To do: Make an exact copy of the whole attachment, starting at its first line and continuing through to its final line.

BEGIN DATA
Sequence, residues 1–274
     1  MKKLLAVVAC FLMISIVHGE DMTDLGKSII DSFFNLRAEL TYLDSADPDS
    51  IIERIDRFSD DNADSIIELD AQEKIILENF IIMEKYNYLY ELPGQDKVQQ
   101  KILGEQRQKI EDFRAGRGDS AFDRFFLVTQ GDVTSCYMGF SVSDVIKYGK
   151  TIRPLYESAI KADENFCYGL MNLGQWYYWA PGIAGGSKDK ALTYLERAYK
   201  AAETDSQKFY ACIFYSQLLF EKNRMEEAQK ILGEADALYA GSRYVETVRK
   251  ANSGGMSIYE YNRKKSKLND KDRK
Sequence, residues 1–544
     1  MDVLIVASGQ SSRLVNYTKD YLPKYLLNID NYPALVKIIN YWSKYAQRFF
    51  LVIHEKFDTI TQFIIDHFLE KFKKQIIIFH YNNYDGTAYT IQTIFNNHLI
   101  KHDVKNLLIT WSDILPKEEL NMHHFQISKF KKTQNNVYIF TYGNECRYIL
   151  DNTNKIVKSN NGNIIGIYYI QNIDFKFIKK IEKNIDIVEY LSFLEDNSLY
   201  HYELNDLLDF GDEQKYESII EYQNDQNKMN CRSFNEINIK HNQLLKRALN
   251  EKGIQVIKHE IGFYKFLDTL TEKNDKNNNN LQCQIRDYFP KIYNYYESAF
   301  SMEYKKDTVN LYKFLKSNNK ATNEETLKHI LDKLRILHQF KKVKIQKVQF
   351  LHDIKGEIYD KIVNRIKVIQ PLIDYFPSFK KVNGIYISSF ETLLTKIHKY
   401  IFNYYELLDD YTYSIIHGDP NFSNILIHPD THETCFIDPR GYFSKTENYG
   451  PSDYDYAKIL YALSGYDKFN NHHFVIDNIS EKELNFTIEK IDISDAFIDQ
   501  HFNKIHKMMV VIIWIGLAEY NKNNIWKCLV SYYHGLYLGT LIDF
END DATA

Sequence, residues 1–274
     1  MKKLLAVVAC FLMISIVHGE DMTDLGKSII DSFFNLRAEL TYLDSADPDS
    51  IIERIDRFSD DNADSIIELD AQEKIILENF IIMEKYNYLY ELPGQDKVQQ
   101  KILGEQRQKI EDFRAGRGDS AFDRFFLVTQ GDVTSCYMGF SVSDVIKYGK
   151  TIRPLYESAI KADENFCYGL MNLGQWYYWA PGIAGGSKDK ALTYLERAYK
   201  AAETDSQKFY ACIFYSQLLF EKNRMEEAQK ILGEADALYA GSRYVETVRK
   251  ANSGGMSIYE YNRKKSKLND KDRK
Sequence, residues 1–544
     1  MDVLIVASGQ SSRLVNYTKD YLPKYLLNID NYPALVKIIN YWSKYAQRFF
    51  LVIHEKFDTI TQFIIDHFLE KFKKQIIIFH YNNYDGTAYT IQTIFNNHLI
   101  KHDVKNLLIT WSDILPKEEL NMHHFQISKF KKTQNNVYIF TYGNECRYIL
   151  DNTNKIVKSN NGNIIGIYYI QNIDFKFIKK IEKNIDIVEY LSFLEDNSLY
   201  HYELNDLLDF GDEQKYESII EYQNDQNKMN CRSFNEINIK HNQLLKRALN
   251  EKGIQVIKHE IGFYKFLDTL TEKNDKNNNN LQCQIRDYFP KIYNYYESAF
   301  SMEYKKDTVN LYKFLKSNNK ATNEETLKHI LDKLRILHQF KKVKIQKVQF
   351  LHDIKGEIYD KIVNRIKVIQ PLIDYFPSFK KVNGIYISSF ETLLTKIHKY
   401  IFNYYELLDD YTYSIIHGDP NFSNILIHPD THETCFIDPR GYFSKTENYG
   451  PSDYDYAKIL YALSGYDKFN NHHFVIDNIS EKELNFTIEK IDISDAFIDQ
   501  HFNKIHKMMV VIIWIGLAEY NKNNIWKCLV SYYHGLYLGT LIDF